Dealings with Competitors: Spotlight on Trade Associations
Most trade association activities are procompetitive or competitively neutral. For example, a trade association may help establish industry standards that protect the public or allow components from different manufacturers to operate together. The association also may represent its members before legislatures or government agencies, providing valuable information to inform government decisions. When these activities are done with adequate safeguards, they need not pose an antitrust risk.
But forming a trade association does not shield joint activities from antitrust scrutiny: Dealings among competitors that violate the law would still violate the law even if they were done through a trade association. For instance, it is illegal to use a trade association to control or suggest prices of members. It is illegal to use information-sharing programs, or standardized contracts, operating hours, accounting, safety codes, or transportation methods, as a disguised means of fixing prices.
One area for concern is exchanging price or other sensitive business data among competitors, whether within a trade or professional association or other industry group. Any data exchange or statistical reporting that includes current prices, or information that identifies data from individual competitors, can raise antitrust concerns if it encourages more uniform prices than otherwise would exist. In general, information reporting cost or data other than price, and historical data rather than current or future data, is less likely to raise antitrust concerns. Dissemination of aggregated data managed by an independent third party also raises fewer concerns. The FTC and DOJ have developed guidelines, known as the Statements of Antitrust Enforcement Policy in Health Care, for health care providers sharing price and cost data, and the principles in these guidelines are broadly applicable to other industries as well. The DOJ has also issued numerous business review letters relating to proposed information exchanges by various trade associations.
Q: It is my job to collect information on competitors from public sources, such as trade journals, securities filings, and press releases. I circulate my report throughout the company. Is this a problem?
A: No. Your company may collect price or other competitive information from public sources.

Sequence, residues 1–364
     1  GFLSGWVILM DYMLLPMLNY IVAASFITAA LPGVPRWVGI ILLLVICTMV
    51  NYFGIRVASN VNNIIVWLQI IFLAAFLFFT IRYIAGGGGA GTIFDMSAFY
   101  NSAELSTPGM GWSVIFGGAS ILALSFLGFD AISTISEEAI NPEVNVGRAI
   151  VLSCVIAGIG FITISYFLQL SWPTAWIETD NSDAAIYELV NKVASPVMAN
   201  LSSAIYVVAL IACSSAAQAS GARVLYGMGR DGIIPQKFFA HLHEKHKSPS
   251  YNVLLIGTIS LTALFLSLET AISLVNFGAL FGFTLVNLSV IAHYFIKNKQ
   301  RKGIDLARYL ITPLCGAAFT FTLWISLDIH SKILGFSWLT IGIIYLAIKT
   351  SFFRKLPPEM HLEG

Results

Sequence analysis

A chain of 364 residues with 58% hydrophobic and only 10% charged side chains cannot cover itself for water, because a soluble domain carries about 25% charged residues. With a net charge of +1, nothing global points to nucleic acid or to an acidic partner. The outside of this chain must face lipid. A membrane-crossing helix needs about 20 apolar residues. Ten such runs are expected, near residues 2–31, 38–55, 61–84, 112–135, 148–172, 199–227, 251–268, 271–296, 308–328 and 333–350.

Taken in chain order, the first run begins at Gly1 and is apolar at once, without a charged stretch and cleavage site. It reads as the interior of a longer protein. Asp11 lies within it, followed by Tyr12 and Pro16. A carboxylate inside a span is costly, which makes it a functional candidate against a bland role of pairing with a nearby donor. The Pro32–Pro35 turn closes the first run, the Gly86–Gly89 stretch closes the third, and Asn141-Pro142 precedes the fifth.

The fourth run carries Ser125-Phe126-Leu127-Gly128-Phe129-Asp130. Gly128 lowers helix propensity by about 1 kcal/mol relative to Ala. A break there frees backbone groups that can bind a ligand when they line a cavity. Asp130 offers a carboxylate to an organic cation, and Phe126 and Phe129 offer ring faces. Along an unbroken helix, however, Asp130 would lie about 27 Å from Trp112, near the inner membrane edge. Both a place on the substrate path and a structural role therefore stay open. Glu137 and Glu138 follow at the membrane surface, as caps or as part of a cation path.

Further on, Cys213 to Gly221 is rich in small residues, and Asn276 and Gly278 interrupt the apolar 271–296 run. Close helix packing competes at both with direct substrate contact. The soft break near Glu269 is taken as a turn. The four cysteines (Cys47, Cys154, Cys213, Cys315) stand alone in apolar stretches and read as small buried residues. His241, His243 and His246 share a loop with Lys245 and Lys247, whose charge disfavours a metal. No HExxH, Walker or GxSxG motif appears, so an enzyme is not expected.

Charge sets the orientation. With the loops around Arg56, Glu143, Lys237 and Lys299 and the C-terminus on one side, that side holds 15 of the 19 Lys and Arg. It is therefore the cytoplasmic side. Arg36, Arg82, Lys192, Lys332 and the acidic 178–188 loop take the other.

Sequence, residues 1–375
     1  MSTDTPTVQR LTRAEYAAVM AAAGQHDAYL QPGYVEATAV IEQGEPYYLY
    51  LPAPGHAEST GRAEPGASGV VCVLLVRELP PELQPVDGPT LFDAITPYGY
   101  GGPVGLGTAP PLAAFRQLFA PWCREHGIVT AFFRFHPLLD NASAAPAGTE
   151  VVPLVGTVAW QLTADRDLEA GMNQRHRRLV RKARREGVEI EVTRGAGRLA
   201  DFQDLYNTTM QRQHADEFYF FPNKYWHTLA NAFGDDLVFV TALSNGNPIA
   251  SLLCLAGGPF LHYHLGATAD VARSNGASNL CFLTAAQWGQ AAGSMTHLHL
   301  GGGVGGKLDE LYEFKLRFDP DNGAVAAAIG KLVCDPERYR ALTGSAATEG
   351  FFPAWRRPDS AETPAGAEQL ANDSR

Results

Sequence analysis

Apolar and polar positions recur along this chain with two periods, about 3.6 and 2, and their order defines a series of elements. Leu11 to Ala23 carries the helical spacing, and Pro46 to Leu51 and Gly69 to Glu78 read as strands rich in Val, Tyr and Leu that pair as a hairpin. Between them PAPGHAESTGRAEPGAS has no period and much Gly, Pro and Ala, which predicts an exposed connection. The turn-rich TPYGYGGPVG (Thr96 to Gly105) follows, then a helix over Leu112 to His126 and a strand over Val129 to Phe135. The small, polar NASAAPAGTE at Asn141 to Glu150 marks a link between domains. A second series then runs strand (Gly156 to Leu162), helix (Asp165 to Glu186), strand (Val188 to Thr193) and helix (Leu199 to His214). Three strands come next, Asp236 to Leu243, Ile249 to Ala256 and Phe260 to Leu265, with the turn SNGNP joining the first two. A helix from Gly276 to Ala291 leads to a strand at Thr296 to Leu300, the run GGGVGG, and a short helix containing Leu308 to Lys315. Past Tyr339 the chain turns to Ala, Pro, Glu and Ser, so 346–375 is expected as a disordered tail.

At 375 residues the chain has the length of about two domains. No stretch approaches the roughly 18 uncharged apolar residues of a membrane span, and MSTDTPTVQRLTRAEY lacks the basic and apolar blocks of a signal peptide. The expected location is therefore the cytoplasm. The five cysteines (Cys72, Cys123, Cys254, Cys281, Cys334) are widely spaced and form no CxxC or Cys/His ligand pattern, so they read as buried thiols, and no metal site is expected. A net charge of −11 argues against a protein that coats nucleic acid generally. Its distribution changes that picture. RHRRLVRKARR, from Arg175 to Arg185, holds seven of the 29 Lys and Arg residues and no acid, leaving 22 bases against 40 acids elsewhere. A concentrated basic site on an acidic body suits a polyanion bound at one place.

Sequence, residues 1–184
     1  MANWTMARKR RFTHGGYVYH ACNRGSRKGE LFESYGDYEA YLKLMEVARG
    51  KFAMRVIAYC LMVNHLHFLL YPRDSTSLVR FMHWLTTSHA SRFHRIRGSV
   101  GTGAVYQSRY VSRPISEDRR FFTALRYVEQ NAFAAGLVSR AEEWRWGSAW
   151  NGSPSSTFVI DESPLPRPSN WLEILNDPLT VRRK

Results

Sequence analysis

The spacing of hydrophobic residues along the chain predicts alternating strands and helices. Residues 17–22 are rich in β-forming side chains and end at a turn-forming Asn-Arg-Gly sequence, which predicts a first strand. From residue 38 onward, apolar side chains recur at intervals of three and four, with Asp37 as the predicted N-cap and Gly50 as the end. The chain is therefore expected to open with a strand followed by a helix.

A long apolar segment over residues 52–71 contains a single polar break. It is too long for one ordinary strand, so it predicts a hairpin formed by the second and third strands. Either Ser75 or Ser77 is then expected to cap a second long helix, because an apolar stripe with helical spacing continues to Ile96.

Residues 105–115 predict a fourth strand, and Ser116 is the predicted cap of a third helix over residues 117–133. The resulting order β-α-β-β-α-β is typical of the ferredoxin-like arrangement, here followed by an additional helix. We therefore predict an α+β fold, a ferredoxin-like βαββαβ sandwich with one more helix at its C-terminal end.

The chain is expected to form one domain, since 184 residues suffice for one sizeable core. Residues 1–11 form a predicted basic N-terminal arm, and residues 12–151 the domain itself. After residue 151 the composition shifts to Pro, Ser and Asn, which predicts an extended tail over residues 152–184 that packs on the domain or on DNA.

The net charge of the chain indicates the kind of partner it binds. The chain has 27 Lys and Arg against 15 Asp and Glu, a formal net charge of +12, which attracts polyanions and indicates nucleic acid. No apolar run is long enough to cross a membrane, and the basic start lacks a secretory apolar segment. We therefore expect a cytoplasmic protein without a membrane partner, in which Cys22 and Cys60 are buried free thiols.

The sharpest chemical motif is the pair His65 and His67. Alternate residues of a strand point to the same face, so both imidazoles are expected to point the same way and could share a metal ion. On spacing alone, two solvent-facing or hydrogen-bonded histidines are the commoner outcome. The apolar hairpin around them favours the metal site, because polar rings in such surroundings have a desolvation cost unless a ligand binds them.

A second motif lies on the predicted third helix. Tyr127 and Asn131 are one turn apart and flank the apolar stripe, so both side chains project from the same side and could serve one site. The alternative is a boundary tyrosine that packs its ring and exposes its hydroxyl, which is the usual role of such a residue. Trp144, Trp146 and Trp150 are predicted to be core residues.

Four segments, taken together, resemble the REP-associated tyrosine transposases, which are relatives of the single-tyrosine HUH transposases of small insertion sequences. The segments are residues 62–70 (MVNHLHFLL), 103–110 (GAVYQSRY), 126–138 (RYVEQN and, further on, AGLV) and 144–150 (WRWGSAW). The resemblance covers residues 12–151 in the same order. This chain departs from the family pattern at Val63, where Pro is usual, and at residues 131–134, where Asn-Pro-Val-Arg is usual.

Q: I am a regional sales manager and I regularly get calls from an industry consultant. If I share with him our company's plan to raise product prices, does this create a problem for my company?
A: Information about future plans should be closely guarded; disclosing future plans outside the company could alter competitors' decisions and raise antitrust concerns. In addition, employees should be careful when sharing information they could not otherwise share with competitors through intermediaries such as a financial analyst or even a supplier. If the consultant were to share that specific information with the company's competitors, resulting in a change in their pricing strategy, such indirect communications could be seen as facilitating an agreement if other evidence points to a coordinated strategy.
Q: The bylaws of our trade association require my company to provide sales data. What should I do?
A: Many trade associations maintain industry statistics and share the aggregated data with members. Collection of historical data by an independent third party, such as a trade association, that is then shared or reported on an aggregated basis is unlikely to raise competitive issues. Other factors can also reduce the antitrust risk. For instance, the Statements of Antitrust Enforcement Policy in Health Care set out a "safety zone" for data exchanges: (1) that are gathered and managed by a third party (like a trade association); (2) involve data more than three months old; and (3) involve at least five participants, where no individual participant accounts for more than 25% on a weighted basis of the statistic reported, and the data is aggregated such that it would not be possible to identify the data of any particular participant.